Release Date: Aug. 17, 2012
While researching the various fan petitions that were circulating over the internet I ran across Operation Rainfall, a petition to Nintendo of America to import three role-playing games that had been created for the Nintendo Wii. Those games were “Xenoblade Chronicles”, “Pandora’s Tower” and “The Last Story”. The last of which we are taking a look at today.
My interest was piqued when I discovered that this game was produced by Mistwalker, the video game company that was founded by Hironobu Sakaguchi, the creator of “Final Fantasy”. Having played one of the company’s previous outings, “Lost Odyssey”, I had some mixed feelings coming into this game.
The story of the game follows Zael, a young member of a mercenary group that is determined to become a knight. After a successful job, Zael encounters a mysterious young woman while wandering around town. It turns out that this woman is the daughter of the Count that hired him in the first place.
From what I’ve played so far the story follows several JRPG clichés. However, what makes the experience enjoyable is the likable cast of characters that comprise your first party. The story, from a visual storytelling standpoint, starts out slow but it does so in order for the player to get acclimated to the controls.
The battle system in this game is definitely a unique system. It takes the fast-paced action of most action RPGs and combines with strategic elements lifted from more real-time oriented RPGs such as “Final Fantasy XII”. One of the key elements is the use of your surroundings to turn the tide of battle, as a great deal of combat relies on stealth and manipulating the position of enemies such as luring them away from spellcasters or areas you’re trying to protect.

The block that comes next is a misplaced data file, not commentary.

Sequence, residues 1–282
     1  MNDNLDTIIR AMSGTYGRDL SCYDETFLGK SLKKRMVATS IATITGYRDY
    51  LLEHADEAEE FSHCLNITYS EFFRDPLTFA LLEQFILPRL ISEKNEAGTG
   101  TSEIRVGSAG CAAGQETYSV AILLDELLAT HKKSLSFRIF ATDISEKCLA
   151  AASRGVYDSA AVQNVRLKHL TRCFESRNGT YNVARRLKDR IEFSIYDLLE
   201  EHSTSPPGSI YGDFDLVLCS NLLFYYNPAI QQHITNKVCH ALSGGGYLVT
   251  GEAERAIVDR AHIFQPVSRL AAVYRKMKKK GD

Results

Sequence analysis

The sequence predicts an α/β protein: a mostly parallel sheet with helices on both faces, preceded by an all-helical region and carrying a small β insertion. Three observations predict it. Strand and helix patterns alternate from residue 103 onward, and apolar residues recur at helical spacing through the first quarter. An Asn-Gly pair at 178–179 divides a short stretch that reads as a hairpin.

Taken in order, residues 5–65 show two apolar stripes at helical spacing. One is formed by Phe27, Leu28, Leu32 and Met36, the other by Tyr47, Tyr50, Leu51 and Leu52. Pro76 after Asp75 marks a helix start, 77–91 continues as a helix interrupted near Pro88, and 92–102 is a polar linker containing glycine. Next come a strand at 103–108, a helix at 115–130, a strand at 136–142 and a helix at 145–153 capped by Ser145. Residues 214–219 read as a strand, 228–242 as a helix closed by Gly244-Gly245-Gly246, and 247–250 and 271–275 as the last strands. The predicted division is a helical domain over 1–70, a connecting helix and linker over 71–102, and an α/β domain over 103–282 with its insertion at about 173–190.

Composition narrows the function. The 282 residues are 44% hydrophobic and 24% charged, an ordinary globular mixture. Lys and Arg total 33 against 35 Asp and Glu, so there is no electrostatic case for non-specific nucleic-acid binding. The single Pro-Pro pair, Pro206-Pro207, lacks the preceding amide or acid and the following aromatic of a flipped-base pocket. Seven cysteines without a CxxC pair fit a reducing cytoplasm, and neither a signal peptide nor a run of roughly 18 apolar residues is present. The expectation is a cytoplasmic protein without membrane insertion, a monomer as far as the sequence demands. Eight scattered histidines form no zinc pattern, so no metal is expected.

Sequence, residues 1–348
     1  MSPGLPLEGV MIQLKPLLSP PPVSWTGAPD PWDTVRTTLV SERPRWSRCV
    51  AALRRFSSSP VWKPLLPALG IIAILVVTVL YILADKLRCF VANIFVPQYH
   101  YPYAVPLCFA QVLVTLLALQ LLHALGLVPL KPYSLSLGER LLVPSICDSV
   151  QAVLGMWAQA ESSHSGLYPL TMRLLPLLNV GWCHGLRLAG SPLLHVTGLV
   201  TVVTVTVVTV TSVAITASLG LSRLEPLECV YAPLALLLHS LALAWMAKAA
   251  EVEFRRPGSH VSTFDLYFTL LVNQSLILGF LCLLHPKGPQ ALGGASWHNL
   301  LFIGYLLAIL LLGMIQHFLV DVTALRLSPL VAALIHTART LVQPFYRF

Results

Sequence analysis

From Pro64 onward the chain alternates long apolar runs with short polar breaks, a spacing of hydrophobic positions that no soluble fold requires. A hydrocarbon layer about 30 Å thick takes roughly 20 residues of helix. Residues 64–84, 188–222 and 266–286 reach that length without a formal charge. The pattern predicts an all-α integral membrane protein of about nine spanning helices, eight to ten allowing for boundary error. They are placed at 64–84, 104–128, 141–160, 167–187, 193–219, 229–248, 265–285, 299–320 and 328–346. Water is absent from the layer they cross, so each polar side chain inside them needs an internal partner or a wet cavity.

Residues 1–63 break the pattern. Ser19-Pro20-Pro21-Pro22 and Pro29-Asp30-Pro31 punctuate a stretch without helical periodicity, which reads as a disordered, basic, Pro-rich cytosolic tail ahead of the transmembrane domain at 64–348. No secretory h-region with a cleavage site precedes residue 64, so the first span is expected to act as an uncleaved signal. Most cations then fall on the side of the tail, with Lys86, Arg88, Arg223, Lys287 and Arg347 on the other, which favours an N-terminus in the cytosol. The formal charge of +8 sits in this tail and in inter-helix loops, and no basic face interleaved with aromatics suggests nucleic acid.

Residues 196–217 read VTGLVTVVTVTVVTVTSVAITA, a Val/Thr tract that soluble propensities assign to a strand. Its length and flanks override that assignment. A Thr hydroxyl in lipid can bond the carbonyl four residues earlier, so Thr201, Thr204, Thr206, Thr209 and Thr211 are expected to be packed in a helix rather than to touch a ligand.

Outside of combat the game plays like a fairly traditional RPG. However, there are the occasional challenges to break up the flow, such as scanning areas and towns for treasure and some story-based minigames.
Another key draw to the game is the ability to customize the appearance of the characters you control. Not only does the equipment you give them change their appearance but you can also change the color of the armor based on what kinds of dyes you have available. This is great for people who like that extra degree of customization.
In the case of online play there are two primary modes, Deathmatch and Co-op. In the online mode it uses the characters from a game file, meaning whatever equipment or levels they have in the game are the same as seen in the online mode. While in Deathmatch, a lower-leveled player may be able to outsmart a stronger player. In Co-op, having a full party is key, as the bosses you fight in Co-op are incredibly difficult to beat.
Overall, this is a great game and definitely one of the more accessible role-playing games on the market. If you’re a JRPG fan, or even a fan of western RPGs, you’ll enjoy this game. It may have its clichés but it still makes for an enjoyable adventure. On my personal scale, I give “The Last Story” a 4/5.